Posted by The TaxAdvocate Group, LLC

What to do if You're a Victim of Tax Identity Theft

What to do if You're a Victim of Tax Identity Theft

Scammers are everywhere haunting for your tax refunds. They have different tactics to rob unsuspecting victims of their hard-earned money. There are many helpful ways you can prevent yourself from falling victim to scammers.

We want to believe you are aware of those tactics. However, if you have been a victim of tax fraud, there are many things you can do. We will examine eight detailed steps to take. You can take the matter up with various bodies to ensure the scammers do not go scot-free with your money.

This article will guide you for various forms of tax fraud, for instance, if someone you did not know files and received your tax return for you.

File a Paper Return

If the IRS rejects your electronic tax return, consider filing using a paper return. Make sure to include all vital documents to avoid tax penalties, late fees or accrued interest, 

File Form 14039

Form 14039 – the Identity Theft Affidavit will come in handy for victims of tax fraud. Hence, when you get a letter from Uncle Sam, or you suspect someone already has your tax refunds, be sure to complete and mail this form.

The IRS will transfer your case to the Identity Theft Victim Assistance organization that will request additional documents to prove your identity. You will be asked to supply any of the following: social security card, driver's license, or utility bill.

File a Police Report

The next step is to file a police report with the nearest law enforcement agency. While the police will hardly go out in search of the culprit, this effort is essential in other ways. For instance, if the culprit tries to use your identity to rack up debts, the report will help stop it.

Also, in some cases, the fraud could be part of a massive fraud scheme. With additional information from you to the law enforcement agents, there is a considerable probability of closing in and bringing the culprits to book.

If you live in big cities, you might be lucky to have a department specializing in a financial crime or identity theft.

File a Complaint with the Federal Trade Commission 

Although the Federal Trade Commission is not in charge of Crime investigation, they compile statistical info of crime and other data on their website. The aim of this is to help you and other taxpayers. You can log on to IdentityTheft.gov to file your complaint

Ask for a Copy of the Fraudulent Return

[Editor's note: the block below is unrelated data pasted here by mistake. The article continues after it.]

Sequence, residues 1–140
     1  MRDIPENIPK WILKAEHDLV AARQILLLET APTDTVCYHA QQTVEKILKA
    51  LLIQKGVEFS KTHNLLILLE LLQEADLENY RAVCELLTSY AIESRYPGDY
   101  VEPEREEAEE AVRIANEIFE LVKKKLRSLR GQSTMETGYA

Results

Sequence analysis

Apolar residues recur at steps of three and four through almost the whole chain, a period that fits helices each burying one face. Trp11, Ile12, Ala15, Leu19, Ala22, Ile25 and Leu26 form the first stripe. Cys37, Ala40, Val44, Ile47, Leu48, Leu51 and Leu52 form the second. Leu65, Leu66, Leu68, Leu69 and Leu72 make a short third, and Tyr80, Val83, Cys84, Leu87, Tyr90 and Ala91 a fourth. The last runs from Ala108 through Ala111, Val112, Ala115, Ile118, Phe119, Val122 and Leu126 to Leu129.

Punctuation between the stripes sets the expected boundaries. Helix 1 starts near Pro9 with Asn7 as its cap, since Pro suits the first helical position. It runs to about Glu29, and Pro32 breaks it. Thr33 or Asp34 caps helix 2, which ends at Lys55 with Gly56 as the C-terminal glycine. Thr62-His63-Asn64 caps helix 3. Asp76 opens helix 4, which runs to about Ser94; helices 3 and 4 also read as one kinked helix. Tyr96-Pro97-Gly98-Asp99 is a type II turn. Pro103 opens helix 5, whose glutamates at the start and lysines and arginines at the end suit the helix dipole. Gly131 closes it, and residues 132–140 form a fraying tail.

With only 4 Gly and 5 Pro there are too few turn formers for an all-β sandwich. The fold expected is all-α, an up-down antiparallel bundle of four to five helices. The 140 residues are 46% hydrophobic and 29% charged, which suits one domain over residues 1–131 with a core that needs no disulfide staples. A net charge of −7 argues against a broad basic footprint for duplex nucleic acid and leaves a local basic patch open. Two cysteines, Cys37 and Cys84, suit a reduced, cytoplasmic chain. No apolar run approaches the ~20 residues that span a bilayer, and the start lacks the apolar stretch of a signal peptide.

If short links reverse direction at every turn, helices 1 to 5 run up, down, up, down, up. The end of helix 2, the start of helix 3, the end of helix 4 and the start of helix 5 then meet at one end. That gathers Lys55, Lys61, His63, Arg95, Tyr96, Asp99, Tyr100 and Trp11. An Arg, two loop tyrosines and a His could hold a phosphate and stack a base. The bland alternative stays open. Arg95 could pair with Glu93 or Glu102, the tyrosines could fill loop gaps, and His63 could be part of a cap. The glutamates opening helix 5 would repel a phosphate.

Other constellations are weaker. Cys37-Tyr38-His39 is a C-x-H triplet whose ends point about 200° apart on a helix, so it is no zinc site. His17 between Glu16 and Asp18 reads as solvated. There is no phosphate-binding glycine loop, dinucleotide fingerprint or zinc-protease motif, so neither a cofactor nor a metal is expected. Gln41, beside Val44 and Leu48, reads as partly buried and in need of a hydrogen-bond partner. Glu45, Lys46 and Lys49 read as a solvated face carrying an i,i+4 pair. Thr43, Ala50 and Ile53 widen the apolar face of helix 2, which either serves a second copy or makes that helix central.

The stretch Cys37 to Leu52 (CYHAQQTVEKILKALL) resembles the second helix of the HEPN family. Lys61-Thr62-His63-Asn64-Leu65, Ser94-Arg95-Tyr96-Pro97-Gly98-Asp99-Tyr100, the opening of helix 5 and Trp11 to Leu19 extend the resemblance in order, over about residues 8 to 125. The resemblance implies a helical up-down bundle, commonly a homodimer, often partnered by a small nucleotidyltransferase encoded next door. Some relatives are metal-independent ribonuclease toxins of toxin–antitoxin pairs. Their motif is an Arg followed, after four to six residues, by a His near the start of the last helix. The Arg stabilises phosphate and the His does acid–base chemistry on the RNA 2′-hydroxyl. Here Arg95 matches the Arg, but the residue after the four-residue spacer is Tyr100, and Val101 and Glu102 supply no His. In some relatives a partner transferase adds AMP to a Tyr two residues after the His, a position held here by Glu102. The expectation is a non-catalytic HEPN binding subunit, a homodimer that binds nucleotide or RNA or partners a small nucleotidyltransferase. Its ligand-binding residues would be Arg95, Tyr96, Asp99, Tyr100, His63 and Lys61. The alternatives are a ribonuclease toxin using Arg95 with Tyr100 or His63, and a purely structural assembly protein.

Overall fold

As long as you are a victim of identity theft, you can receive a copy of the fake tax return filed with your social security number. When you request the information, you will get access to your specific information that was compromised.

Some people might have their wife or child’s Social Security compromised. You can use Form 4506-F to request for the return. 

Examine Your Account Statements and Credit Report

If a fraudster steals your identity, they will use it for many things. In addition to filing a false tax return and collecting your tax refunds, expect other terrible things. With this, be sure that no one charges anything to your credit card, change your account or do anything you did not authorize. Keep passwords to your online account secure and change passwords. Also, get rid of your account information from eCommerce sites.

Freeze all Your Accounts

Contact the three major credit bureaus - Equifax Experian and TransUnion and request a freeze of your account. This will stop any new request for an account with your details. You will, however, have to lift the freeze if you apply for a new mobile device or agree to a credit check.

Request for a Pin for Tax Filing

With an IRS-provided personal identification number, you can add an extra layer of security for your tax filing. Think of it as a two-step verification used on WhatsApp preventing unauthorized access to your account.

Many times, the IRS might invite you to opt-in for this service via mail. Also, filing from some states (Georgia and Florida) automatically qualifies you for the six-digit IP PIN. You have to register with the PIN every year; hence be sure you are ready for it before opting for the service.


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